President Obama announced today that he would nominate Solitor General Elena Kagan to the United States Supreme Court. If confirmed, Ms. Kagan will be the first Supreme Court justice without prior judicial experience since the Nixon administration. While much of America will be focusing on hot button issues such as abortion and gun control, bankruptcy lawyers will be wondering what she thinks about the hanging paragraph. However, her history does not provide much illumination.
Since Ms. Kagan was not a judge, she does not have a body of written opinions to peruse. Her academic writings dealt primarily with constitutional law issues.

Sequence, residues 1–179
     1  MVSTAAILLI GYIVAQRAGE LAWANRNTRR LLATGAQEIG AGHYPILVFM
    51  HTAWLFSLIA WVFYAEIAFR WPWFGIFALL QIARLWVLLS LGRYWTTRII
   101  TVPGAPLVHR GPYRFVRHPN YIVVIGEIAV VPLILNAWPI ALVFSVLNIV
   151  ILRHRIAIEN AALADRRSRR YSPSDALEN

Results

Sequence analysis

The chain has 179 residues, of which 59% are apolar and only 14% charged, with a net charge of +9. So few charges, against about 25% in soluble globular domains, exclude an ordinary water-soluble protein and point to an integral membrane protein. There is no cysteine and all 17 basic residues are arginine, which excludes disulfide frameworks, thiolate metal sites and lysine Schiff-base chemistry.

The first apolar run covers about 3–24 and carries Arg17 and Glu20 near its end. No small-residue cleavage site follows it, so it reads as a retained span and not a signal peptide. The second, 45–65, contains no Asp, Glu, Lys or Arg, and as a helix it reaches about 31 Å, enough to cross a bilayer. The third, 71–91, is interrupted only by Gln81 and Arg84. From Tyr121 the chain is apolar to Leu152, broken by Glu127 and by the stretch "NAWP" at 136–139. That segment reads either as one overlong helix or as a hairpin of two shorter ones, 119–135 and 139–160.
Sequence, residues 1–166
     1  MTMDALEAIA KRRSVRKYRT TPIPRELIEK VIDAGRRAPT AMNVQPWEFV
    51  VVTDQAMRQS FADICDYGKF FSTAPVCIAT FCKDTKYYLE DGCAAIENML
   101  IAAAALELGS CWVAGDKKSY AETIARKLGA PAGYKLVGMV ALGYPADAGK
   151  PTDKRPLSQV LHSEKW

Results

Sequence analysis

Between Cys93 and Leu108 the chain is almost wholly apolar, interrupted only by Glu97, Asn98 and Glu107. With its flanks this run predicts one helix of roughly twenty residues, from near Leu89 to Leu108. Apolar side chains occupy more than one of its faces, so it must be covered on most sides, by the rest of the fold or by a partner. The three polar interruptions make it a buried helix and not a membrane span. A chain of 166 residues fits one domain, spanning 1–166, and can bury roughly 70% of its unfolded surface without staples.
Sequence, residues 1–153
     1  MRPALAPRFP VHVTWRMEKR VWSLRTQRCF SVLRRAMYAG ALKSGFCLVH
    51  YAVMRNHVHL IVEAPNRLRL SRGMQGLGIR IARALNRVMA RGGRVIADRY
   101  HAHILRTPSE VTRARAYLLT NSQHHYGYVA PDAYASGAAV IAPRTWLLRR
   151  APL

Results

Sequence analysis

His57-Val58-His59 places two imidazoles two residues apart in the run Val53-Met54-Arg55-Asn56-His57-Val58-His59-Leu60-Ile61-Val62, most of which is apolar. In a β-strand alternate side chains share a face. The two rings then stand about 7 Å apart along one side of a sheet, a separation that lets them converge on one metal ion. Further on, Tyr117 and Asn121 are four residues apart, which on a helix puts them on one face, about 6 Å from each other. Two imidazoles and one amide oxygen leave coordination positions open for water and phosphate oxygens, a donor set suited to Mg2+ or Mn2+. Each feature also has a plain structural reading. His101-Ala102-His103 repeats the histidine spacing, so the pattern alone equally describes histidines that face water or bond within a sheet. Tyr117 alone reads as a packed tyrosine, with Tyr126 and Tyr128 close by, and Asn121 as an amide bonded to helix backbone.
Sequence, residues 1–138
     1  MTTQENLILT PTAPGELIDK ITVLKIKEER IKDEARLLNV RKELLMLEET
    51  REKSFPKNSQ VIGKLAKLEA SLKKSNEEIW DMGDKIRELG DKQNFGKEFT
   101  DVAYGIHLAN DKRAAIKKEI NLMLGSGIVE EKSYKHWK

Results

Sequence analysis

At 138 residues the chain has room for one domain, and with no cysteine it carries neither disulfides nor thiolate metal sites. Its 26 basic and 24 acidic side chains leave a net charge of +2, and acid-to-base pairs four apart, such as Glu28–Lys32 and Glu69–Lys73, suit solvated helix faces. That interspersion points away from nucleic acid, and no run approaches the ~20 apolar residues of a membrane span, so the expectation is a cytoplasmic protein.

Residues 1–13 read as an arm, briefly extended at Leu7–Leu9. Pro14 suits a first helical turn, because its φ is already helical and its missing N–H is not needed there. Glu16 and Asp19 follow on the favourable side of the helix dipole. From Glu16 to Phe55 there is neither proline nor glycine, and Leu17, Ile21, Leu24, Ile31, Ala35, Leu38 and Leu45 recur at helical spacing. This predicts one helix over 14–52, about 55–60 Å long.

As Solicitor General, her department has appeared in three bankruptcy cases this term: Espinosa, Lanning and Milavetz. However, she did not personally argue any of these cases. In Espinosa, the Solicitor General's office argued that the student loans were not discharged, a position the Supreme Court rejected. In Milavetz, her office contended that the Debt Relief Agency provisions were constitutional, a position adopted by the Supreme Court. Finally, in Hamilton v. Lanning, the Solicitor General's office agreed with the debtor that projected disposable income must be forward-looking, that is, that adjustments may be made based on changes in circumstance likely to occur. Of these three cases, Lanning is the only one in which there was not a clear governmental interest.
However, her record is not totally devoid of bankruptcy connections. While at Harvard Law, she had Liz Warren as a colleague. Anything that she picked up from Liz would serve her well on the Supreme Court.